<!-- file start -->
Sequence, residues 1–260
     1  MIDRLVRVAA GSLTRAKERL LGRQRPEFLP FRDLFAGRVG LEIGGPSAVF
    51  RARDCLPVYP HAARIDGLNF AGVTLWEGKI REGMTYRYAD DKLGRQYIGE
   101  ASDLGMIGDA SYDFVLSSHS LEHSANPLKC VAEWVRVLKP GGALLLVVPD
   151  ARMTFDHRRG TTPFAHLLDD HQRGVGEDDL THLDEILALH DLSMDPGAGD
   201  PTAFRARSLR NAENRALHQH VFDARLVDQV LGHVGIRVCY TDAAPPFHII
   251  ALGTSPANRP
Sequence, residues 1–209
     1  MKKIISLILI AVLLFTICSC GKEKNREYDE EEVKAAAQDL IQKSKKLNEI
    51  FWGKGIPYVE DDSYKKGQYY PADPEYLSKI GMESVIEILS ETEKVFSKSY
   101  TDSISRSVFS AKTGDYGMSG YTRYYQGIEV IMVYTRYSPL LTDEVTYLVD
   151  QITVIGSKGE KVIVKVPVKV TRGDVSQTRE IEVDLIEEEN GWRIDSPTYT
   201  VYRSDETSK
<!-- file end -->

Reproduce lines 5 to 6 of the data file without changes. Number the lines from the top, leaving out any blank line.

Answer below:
   151  ARMTFDHRRG TTPFAHLLDD HQRGVGEDDL THLDEILALH DLSMDPGAGD
   201  PTAFRARSLR NAENRALHQH VFDARLVDQV LGHVGIRVCY TDAAPPFHII